Antimicrobial resistance, a threat

Antimicrobial resistance, a threat

Antimicrobial resistance (AMR) has emerged as a global public health problem as antibiotics are becoming inefficient against a  wide range of disease-causing pathogenic bacteria.

Antimicrobial resistance against medicines occurs when a pathogenic microorganism trigger its specific responses resulting in either mutational adaptation or acquisition of genetic material and alteration of gene expression. As a result, the medicines become ineffective and infections persist in the body, increasing the risk of spread to others. AMR increases the cost of healthcare due to longer stays in hospitals and the necessity of more intensive care.

Extensive use of antibiotics for human and veterinary purposes results in the development of antibiotic-resistant bacteria (ARB) in the guts of humans and animals, which are subsequently released into
the natural environments thro ­ugh the faecal matter/sewage.

The presence of these residual antibiotics in the environment leads to the proliferation of ARB. Resistant microbes have the potential to rapidly spread across the entire planet, a process that is considered to be closely linked to the widespread misuse and overuse of antibiotics in humans, animals and agriculture.

In India, various factors like the consumption of broad-spectrum antibiotics, faropenem consumption, antibiotic fixed-dose combinations and antibiotic consumption in animal food contribute to AMR among
others. In many places, antibiotics are overused and misused in people and animals, and often given without professional advice about when to use them. Major cultural activities, such as mass bathing in rivers are also associated with potential acquisition and spread of ARBs.

India contributes to major antibiotics production in the global market. Unfortunately, there are no prescribed national or international discharge limits for antibiotics in wastewater released from the pharmaceutical industries. Further, the existing good manufacturing practices (GMP) under the World Health Organization (WHO, 2016) framework is restricted to drug safety and does not include environmental safeguards.

In addition, a large portion of uncontrolled discharge of untreated urban waste has led to gross contamination of rivers, lakes and seas with antibiotic residues, antibiotic-resistant organisms, and antibiotic resistance genes (ARGs). As a consequence, in India, higher antibiotic resistance rates were reported among bacteria that commonly cause infections in community and healthcare facilities as per the scoping report on Antimicrobial Resistance in India commissioned by the Department of Biotechnology.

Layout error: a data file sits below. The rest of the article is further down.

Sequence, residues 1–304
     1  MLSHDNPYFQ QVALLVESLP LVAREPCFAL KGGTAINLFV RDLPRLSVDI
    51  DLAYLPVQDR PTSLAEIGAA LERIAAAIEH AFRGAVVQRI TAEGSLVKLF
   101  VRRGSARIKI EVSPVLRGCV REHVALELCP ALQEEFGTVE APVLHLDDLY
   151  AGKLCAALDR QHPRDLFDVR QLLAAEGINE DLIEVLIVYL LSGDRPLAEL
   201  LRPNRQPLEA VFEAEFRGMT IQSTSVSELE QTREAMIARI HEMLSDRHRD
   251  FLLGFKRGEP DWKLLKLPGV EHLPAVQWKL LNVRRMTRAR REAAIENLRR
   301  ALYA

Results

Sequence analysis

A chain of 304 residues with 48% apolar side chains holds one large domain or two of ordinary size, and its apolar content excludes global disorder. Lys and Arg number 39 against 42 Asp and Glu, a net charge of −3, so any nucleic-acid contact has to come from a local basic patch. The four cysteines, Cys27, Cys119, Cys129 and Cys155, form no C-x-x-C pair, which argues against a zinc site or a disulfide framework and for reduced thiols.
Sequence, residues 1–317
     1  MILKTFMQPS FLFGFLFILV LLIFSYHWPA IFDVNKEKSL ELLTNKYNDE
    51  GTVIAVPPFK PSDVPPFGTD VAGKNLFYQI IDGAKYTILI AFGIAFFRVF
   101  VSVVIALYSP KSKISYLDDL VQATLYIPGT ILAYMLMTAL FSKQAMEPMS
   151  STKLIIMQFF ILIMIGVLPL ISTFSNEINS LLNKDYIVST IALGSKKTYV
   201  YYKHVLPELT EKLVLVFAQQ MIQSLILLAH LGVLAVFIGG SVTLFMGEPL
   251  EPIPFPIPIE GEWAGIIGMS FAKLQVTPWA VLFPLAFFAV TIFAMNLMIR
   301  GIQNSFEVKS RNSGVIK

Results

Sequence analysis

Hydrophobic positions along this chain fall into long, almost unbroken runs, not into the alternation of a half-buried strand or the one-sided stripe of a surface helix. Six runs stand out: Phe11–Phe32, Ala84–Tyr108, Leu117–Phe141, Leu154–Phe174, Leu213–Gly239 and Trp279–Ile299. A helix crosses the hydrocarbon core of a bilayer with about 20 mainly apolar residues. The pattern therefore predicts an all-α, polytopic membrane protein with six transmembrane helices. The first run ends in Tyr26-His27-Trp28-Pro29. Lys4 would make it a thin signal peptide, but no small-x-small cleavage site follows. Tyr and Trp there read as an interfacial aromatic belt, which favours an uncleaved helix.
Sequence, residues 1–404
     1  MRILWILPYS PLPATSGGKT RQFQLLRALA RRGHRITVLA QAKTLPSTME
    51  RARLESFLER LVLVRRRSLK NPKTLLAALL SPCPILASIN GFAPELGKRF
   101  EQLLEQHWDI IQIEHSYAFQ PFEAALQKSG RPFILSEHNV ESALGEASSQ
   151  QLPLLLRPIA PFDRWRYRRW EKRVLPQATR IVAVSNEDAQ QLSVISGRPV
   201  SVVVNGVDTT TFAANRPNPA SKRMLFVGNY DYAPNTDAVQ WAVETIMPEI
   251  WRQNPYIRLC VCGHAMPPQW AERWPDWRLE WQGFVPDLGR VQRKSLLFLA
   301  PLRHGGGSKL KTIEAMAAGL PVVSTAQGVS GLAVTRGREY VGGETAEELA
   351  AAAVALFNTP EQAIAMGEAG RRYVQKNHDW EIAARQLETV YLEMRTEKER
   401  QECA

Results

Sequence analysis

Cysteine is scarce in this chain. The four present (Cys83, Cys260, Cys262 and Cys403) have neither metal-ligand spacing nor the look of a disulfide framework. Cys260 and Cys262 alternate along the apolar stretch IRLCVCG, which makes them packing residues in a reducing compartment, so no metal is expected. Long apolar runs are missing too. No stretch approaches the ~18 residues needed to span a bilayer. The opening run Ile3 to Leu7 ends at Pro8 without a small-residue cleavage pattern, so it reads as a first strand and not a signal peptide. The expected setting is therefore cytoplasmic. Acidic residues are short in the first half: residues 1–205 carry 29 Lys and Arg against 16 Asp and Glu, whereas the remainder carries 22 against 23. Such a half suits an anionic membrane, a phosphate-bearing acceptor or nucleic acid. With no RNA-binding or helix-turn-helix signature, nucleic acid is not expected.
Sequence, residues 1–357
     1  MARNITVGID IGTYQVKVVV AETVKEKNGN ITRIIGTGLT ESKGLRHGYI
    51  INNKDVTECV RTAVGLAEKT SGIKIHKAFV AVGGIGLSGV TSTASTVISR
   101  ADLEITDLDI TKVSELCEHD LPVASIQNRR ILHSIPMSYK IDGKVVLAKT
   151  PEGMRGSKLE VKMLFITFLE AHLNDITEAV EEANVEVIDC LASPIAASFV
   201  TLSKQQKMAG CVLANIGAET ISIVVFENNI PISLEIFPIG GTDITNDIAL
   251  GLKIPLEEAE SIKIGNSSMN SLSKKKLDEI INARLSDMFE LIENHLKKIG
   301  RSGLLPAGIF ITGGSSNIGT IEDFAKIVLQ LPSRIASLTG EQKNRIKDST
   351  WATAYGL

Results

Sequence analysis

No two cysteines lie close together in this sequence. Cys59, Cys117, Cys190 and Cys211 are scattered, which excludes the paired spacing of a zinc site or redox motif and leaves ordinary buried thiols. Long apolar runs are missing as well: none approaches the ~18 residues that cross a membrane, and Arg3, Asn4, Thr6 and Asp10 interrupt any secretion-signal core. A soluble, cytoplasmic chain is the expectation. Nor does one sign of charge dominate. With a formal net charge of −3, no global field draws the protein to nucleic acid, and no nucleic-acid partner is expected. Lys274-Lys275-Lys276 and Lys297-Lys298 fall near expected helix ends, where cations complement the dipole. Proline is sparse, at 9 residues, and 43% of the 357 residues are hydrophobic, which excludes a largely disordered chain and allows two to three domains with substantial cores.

Without exception, all classes of antibiotics have been reported for resistance in at least some of the pathogens they have been intended to treat. For instance Carbapenems, a broad spectrum antibiotic class, constitute such a last resort. Carbapenems are used frequently  to treat multidrug-resistant pathogens.

The emergence and spread of resistance mechanisms to last-resort carbapenems, therefore, pose a major threat to infection control and treatment worldwide. As per the WHO source, drug-resistant tuberculosis (XDR-TB) has been reported in 105 countries. The XRD-TB is a form of tuberculosis that is resistant to at least four of the core anti-TB drugs.

Since 2010, scientists and healthcare specialists have been extensively working on AMR issues with national and international collaboration. In 2015, a global action plan (GAP) on AMR was developed by the WHO, the Food and Agricultural Organization and the World Organization for Animal Health.

In India, the national action plan focuses on six strategic priority areas, namely awareness and understanding through education, communication and training, strengthening knowledge and evidence through surveillance, infection prevention and control, optimised antimicrobial use in health, animals and food, AMR-related research and innovation and strengthened leadership.

It also highlights the integrated approach in multiple sectors such as human health, animal husbandry and environment called the "One-Health" approach. The Ministry of Health and Family Welfare identified AMR as one of the top 10 priorities which is highlighted in the National Health Policy 2017.

The challenge for AMR researchers now is to study transmission mechanisms among humans, animals and environment, containing AMR spread through scrupulous hospital health practices and developing smart and early diagnostic methods.

(The writers are with The Energy and Resources Institute -TERI)

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